Q2 – Now, what differentiates science/pseudoscience, and non-science?

A2 – Testability*

Put it that way, A2 is obvious. As Karl Popper wrote: empiricism is the demarcation point between science and non-science (the criterion of demarcation). In other words, the testability of a hypothesis will tell you if it can be improved by experience. And, if it can’t, there is nothing to rely upon except authority and the rejection of authority is what allowed the scientific method to come into being. This brings us to Deutsch’s first science nugget:

Deutsch’s 1st Science Nugget: an untestable theory cannot be improved upon by experience

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A Simple Comparison

Several huge things have happened in the last 2 week in respect to science. Cosmos, the re-imagining of Carl Sagan’s science vehicle to jumpstart the public’s imagination debuted; gravity radiation (often called gravity waves) has been detected with a 5-sigma threshold from the Big Bang, which, if true, empirically extends our understanding of creation from one second to one billion-billion-billion-millionth of a second after the Big Bang; and, finally, not to mention rather depressingly, Mike Adams the Health Douche issued a public call to the host of Cosmos, Neil deGrasse Tyson to admit that mercury in vaccines is poisoning the population.

One of the above three things made me laugh: can you guess which? I implore you to read Mike Adams full screed on the mercury in vaccines that is making the population cognitively deficient, even though there is no mercury in vaccines, and keep a straight face. Seriously, I’ll wait here—and this post will make more sense if you’ve read it.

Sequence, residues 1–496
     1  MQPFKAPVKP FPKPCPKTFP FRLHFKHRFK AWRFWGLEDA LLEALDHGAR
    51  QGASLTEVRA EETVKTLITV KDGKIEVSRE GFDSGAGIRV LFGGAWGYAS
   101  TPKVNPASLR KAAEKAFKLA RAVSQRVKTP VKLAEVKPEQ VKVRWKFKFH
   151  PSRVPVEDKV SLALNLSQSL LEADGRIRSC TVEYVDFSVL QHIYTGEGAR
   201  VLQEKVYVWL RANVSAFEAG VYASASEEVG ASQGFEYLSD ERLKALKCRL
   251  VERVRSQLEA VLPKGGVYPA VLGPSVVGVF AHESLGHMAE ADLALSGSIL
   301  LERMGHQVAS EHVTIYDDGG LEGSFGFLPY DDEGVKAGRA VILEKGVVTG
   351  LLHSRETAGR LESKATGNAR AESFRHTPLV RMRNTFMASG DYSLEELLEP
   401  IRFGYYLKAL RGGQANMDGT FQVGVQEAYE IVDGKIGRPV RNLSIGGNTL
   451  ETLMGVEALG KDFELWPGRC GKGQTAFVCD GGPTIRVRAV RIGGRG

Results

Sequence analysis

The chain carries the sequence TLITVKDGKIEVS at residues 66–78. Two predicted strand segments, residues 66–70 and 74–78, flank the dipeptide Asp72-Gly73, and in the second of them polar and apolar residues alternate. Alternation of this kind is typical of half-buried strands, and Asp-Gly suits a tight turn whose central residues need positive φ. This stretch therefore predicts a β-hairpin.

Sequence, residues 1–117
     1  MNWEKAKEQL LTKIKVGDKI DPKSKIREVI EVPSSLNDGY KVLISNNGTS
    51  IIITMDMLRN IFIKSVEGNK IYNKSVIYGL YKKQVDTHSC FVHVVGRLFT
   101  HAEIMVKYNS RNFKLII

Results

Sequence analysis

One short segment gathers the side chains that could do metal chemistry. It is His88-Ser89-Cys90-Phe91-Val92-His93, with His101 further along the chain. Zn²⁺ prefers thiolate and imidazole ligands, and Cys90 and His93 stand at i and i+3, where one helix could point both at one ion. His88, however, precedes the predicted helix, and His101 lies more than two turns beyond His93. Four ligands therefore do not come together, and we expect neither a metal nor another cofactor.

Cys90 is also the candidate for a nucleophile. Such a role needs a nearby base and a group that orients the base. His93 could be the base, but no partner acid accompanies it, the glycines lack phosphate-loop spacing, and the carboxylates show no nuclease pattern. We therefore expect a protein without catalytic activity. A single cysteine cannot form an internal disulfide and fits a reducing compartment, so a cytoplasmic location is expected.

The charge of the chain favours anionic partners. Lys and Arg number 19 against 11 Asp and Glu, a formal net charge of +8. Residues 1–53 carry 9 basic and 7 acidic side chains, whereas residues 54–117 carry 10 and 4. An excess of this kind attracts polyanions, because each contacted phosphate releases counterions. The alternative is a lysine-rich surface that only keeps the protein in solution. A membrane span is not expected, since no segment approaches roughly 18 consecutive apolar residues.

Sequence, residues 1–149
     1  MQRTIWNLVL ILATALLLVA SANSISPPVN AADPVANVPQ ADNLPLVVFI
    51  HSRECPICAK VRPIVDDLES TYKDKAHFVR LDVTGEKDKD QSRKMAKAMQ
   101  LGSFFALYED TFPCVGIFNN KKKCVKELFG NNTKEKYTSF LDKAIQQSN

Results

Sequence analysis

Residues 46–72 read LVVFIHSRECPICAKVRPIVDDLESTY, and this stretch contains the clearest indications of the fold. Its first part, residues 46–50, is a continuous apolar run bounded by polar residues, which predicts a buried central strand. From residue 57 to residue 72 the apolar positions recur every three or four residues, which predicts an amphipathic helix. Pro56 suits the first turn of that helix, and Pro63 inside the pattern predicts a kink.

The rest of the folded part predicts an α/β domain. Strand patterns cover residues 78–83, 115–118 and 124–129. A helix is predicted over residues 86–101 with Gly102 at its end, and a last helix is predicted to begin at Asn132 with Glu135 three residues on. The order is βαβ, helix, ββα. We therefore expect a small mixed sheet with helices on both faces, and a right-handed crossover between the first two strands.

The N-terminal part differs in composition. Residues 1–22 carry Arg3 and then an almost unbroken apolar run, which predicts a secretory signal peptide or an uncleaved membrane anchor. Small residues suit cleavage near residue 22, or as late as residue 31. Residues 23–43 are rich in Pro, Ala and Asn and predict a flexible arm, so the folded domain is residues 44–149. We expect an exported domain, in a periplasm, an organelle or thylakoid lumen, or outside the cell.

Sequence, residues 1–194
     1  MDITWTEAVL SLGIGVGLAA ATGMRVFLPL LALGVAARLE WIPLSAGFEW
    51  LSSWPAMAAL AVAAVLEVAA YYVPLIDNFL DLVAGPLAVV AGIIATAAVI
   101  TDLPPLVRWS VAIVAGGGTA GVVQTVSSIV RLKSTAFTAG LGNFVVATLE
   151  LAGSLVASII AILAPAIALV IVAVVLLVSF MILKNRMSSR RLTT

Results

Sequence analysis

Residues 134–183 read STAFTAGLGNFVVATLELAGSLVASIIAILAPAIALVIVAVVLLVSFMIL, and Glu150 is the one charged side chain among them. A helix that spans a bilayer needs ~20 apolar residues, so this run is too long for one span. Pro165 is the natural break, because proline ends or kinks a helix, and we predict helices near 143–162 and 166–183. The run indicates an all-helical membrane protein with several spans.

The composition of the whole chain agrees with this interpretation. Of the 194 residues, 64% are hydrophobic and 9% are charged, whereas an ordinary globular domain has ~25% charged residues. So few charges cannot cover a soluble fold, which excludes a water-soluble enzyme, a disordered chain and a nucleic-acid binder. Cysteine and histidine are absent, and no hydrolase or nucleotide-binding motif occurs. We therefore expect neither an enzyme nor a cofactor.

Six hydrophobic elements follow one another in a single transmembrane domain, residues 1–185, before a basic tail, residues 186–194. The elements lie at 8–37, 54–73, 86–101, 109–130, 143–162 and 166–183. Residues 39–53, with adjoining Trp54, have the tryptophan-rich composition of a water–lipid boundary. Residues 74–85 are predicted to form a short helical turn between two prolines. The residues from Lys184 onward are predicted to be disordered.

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From Anti-GMO to pro-science: A Layman’s Guide to GMOs

My latest article on biotechnology has been featured on The Genetic Literacy Project website. It is now featured on the home page. The opening paragraphs are below, but be sure to head over to the GLP the rest. Enjoy!

From Anti-GMO to pro-science: A Layman’s Guide to GMOs

Knowing whom to trust on the touchy issue of GMOs (biotechnology) is a thorny issue—especially on the Internet, where tensions flare to a 100 with an absence of nuance and body language. Leaning on an authority is, of course, a shortcut. Who has the time these days to understand a field as diverse and comprehensive as biotechnology? Very few of us; in that light, it is a perfectly reasonable shortcut—provided one seeks out the correct authorities, that is.

That is why appeals to authority are the main weapon on both sides of the e-divide on GMOs. However, in many ways, many such arguments fall flat on their face as they exhibit fallacious reasoning (often called the argument from authority fallacy). The trick, of course, is finding an authority one can trust and that is right—no easy task.